The prestigious honour was awarded to Dr Ramsay in recognition of her significant service to plant science.
Dr Ramsay, who is also affiliated with Sydney’s Royal Botanic Gardens, is an expert on bryology – the study of mosses, liverworts and hornworts.
She pioneered cytological investigation on mosses in Australia, Papua New Guinea, New Zealand and Canada. Subsequently, her areas of research expanded to include cytotaxonomy and general studies on mosses. The Flora of Australia Project under the Australian Biological Resources Study in Canberra led to further taxonomic revisions and publications including contributions to the first volume on Australian Mosses.
“It has always been my aim to advance knowledge of bryophytes, particularly mosses, and their significance in rainforests. The establishment of the Australasian Bryological Newsletter as co-author with Patricia Selkirk at Macquarie University has helped bring attention to Bryophyte studies in the wider botanical community. Since my retirement, publications dealing with the distribution and taxonomy of mosses in Australia and more detailed studies such as work on mosses of the wet tropics of northeast Queensland is improving our knowledge of Australian mosses. Continued collaboration with overseas and Australian researchers enables me to continue my research.”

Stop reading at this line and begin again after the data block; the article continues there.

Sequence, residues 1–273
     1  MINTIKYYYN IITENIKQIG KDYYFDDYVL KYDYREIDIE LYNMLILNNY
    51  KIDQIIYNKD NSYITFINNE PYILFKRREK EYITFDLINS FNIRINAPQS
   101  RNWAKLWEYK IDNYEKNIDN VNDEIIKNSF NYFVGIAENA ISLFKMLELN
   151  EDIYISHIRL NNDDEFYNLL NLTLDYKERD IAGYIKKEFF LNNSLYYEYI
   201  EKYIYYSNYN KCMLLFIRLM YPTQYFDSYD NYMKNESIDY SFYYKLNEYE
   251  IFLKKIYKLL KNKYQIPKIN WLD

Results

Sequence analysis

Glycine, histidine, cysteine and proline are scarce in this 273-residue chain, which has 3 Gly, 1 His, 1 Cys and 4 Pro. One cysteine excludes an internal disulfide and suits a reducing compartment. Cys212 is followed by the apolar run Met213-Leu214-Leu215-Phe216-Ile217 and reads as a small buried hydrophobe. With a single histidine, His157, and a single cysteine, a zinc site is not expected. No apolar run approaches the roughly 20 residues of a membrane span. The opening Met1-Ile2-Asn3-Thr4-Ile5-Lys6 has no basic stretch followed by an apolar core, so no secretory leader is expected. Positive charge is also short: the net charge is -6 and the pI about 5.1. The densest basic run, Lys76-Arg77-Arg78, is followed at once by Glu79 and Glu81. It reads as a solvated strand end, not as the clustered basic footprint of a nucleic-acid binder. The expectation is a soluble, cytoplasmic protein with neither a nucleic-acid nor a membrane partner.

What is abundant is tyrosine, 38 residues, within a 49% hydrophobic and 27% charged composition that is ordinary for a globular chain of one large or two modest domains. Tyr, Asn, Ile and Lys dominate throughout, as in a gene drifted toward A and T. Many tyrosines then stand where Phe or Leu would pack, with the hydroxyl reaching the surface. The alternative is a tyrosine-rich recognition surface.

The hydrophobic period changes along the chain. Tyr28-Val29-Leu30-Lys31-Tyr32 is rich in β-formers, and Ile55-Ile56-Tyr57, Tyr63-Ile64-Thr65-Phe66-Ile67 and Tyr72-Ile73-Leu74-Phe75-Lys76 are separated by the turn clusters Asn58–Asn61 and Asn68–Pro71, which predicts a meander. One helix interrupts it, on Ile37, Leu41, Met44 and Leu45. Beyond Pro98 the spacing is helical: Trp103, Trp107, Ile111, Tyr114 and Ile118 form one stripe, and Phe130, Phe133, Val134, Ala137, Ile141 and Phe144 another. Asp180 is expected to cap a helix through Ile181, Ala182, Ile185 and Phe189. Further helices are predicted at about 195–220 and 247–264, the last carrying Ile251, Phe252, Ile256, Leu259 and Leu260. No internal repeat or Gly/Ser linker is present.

Dr Ramsay is renowned as a generous mentor for younger scientists. Her publications include censuses of the mosses of New South Wales, the ACT and Lord Howe Island. She has made significant collections of Australian mosses: these are in the National Herbarium of New South Wales and the John Ray Herbarium at the University of New South Wales.
Although she formally retired in 1984, Dr Ramsay continues to be active in her chosen field, with her most recent publication, A revised checklist of the moss flora of the Australian Wet Tropics, appearing in 2019.Subscribe for Media Release updates